I think it is then easier to explain that EP in fact does NOT pursue "feeling good" in a foolish or dangerous way, but uses the knowledge of this universal fact about organisms trying to feel good to decide to use wisdom and prudence (things that advanced, thinking beings can do) in order to determine what is really the best way to live a good life. Wisdom and reason and prudence are CENTRAL to living the good life, according to EP. OTOH if you pretend you have no motivation to pursue feeling good, your dishonestly will be leading you astray because you can then follow something that simply isn't true. You won't have a good measuring stick for what is worthwhile to you.

    I think it would be good to more clearly define the word "compassion" as an active attitude rather than a passive attitude.

    Sounds right, Kalosyni - I totally agree with you compassion should be thought of that way! Compassion tends to make people try to help. Compassion includes an urge to reach out. If there isn't this active element, you only have sympathy or empathy.

    Thanks for staring this thread, Joshua ! You beat me to it and I'm glad, since you did a far better job than I could have :thumbup:

    I'm pleased that we have the quotes that show that Epicurus felt and expressed concern for people generally, as opposed to just a sort of tit-for-tat kind of "concern" for "friends" (which is an idea that can come out of certain passages). As you say, what we have is somewhat indirect, not the:

    full-throated endorsement of compassion we would like to see

    Compassion is not identical with being "friendly", of course, or even being "kind" or "considerate". "Caring" comes closer but still doesn't nail it. All of these are also great attributes but I'm thinking in today's use of the term compassion we have something like a powerful "feeling with" another person, combined with a desire to alleviate suffering they have. Its often a fairly automatic response, like what one has when one sees a crying child or even a hurt animal. It's like empathy but with a motivation to reach out. It does not involve any desire of a reward for reaching out (even the reward that someone doing compassionate work under the aegis of a religious organization for example might get from knowing that are promoting their ideology). Of course, one can have an affiliation with a religious or philosophical organization and still have genuine compassion - I don't mean to suggest otherwise. But compassion is one of our natural, biological responses which can yet be cultivated (even into a strong, reliable personal pattern of feeling & behavior) - or conversely, repressed into oblivion. It is perhaps a bit "unusual" in not being directly self-advantageous to the organism feeling it and acting on it, though studies in evolutionary biology and other fields have identified it as producing social benefit. Certainly acting on compassion and eliminating another being's suffering can produce powerful feelings of pleasure, even though the initial impetus may not contain an consideration of that.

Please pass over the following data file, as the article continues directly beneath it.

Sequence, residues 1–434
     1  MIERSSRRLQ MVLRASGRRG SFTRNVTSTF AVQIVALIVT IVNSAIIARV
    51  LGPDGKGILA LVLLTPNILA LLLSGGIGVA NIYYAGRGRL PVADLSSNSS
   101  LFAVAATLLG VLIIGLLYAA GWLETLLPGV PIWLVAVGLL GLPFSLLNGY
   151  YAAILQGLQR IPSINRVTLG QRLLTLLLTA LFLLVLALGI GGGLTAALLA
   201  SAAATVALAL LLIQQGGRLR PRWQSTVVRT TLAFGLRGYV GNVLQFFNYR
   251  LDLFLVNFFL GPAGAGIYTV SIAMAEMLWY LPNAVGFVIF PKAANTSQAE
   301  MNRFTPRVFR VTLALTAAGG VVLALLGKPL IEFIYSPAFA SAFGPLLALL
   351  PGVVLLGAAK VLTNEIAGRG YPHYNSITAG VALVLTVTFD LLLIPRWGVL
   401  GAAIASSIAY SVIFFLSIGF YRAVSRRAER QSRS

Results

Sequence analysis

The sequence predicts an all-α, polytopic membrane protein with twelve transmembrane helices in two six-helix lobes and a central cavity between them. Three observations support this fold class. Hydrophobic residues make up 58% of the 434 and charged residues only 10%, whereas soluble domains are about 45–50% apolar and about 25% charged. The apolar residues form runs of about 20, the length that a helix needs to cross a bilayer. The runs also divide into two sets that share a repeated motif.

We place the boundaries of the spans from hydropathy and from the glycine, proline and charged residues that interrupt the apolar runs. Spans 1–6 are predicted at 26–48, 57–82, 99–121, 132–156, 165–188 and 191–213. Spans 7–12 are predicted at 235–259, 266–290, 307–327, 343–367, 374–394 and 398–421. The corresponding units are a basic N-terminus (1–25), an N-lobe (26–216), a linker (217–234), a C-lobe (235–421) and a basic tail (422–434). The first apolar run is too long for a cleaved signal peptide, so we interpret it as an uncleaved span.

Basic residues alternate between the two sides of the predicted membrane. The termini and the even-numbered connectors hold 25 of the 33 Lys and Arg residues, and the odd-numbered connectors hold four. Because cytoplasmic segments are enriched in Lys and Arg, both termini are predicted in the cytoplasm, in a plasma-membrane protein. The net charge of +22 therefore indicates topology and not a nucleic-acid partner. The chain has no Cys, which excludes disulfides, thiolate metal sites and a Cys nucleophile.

Is there even a word in ancient Greek or Latin that captures this idea?